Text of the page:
Renault Captur vs Ford Puma vs Peugeot 2008

The Renault Captur, Ford Puma and Peugeot 2008 have all just been launched. We bring them together for their first Auto Express group test

The new-car market runs in cycles, so after a flurry of new superminis being launched towards the end of last year and at the start of 2020, it’s now the turn of the small SUVs to take centre stage – and we’ve rounded up three all-new models here, none of which has been through the full Auto Express road test yet.

First up is the Renault Captur. Like the French brand’s Clio supermini, this car uses new underpinnings and engines, while boasting more technology than ever, too. It’s a familiar story, and one that Ford is also writing its own chapter for with the new Puma. It’s fair to say Ford’s last effort at a small SUV, the EcoSport, was poor, so there’s a lot riding on the Puma, not least because it’s a famous nameplate for the brand and because the opposition it faces is so good.

The third of this trio is Peugeot’s new 2008. A fresh chassis and new tech mean the French model is keeping up with the pace of development, but so are its competitors, and this will be a close test because these small SUVs need to tick every box to meet the demands of buyers in this class.

Renault Captur

Model:Renault Captur TCe 130 Iconic
Price: £20,295
Engine: 1.3-litre 3cyl turbo, 128bhp 
0-60mph: 10.1 seconds
Test economy: 38.0mpg/8.4mpl 
CO2: 127g/km
Annual road tax: £145

As with the Clio supermini, in Iconic trim with the TCe 130 engine tested here, the £20,295 Renault Captur looks like good value for money. Let’s find out if it has the traits to support that claim.

Design & engineering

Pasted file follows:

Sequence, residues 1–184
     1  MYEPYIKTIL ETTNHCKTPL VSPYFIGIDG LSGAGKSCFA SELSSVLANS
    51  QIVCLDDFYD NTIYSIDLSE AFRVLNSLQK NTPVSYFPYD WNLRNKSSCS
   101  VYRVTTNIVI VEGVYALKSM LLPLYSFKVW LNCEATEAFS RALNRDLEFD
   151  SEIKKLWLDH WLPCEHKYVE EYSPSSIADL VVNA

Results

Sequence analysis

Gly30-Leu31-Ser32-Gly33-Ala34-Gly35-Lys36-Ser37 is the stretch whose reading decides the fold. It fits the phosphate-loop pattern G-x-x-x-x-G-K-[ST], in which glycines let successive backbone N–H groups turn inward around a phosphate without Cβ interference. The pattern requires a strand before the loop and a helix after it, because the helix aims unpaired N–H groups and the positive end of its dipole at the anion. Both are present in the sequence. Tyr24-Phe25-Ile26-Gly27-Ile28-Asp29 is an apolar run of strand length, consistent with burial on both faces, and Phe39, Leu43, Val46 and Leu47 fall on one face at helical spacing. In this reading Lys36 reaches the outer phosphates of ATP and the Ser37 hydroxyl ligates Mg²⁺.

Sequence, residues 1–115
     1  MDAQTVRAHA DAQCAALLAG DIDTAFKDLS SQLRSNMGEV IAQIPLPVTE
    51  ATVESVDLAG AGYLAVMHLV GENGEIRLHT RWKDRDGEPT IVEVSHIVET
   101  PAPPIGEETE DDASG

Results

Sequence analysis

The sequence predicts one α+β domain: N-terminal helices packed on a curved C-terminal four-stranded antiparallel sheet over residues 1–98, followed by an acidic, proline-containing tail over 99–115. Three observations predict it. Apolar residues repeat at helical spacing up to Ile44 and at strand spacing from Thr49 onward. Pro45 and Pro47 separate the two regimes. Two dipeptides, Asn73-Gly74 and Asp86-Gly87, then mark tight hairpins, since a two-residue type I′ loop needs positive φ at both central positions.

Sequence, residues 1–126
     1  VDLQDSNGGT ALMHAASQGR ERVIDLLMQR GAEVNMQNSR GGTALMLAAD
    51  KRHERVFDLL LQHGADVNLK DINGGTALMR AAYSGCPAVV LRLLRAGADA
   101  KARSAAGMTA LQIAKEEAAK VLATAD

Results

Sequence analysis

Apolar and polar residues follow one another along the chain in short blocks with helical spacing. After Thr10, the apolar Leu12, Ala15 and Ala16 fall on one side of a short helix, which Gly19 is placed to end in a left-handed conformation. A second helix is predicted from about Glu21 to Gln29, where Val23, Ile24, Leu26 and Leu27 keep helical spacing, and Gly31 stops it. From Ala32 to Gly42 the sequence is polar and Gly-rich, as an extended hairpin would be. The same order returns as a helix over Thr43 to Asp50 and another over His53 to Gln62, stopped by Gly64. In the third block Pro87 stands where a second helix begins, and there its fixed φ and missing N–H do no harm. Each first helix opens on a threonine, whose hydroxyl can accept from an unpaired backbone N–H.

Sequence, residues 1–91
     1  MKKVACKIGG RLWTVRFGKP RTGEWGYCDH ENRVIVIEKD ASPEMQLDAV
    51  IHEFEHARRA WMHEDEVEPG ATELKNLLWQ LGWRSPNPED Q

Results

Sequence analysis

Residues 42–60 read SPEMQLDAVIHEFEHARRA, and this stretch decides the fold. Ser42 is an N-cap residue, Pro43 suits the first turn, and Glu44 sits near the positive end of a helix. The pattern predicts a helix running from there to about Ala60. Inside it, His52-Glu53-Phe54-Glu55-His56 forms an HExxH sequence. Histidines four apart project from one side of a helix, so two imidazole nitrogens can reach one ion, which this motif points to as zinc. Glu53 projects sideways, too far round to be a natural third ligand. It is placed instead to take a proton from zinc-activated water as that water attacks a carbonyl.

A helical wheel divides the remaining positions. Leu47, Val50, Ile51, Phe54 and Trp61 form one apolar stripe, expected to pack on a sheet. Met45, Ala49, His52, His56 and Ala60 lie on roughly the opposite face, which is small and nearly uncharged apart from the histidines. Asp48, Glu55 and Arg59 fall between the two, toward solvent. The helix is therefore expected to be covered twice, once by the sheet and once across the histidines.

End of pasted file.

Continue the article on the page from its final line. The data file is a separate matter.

It’s no surprise that, as a small SUV, the Captur shares much tech with the smaller Clio, including the CMF-B platform this second-generation Captur has moved to adopt. The original model was based on Renault’s B platform.

The suspension set-up remains the same, with MacPherson struts at the front and a torsion-beam back axle, but this new architecture means it’s better packaged than before. It’s 110mm longer than its predecessor and looks more like an SUV, but its dimensions are still relatively compact; all three cars in this test are within 10cm of each other in length.

It’s the TCe 130 engine that we’re testing here, which is likely to be a popular choice. It’s shared with Renault’s Alliance partner Nissan and has even found its way into the Mercedes A-Class. Its 128bhp and 240Nm of torque in the Captur are fairly standard for this class, as is the six-speed manual gearbox that sends drive to the front wheels. There’s no four-wheel-drive option on any of these cars, because buyers in this class are generally more concerned with SUV style than off-road performance. This also means the level of equipment on offer for the money is a big factor for customers, and Iconic trim fares well.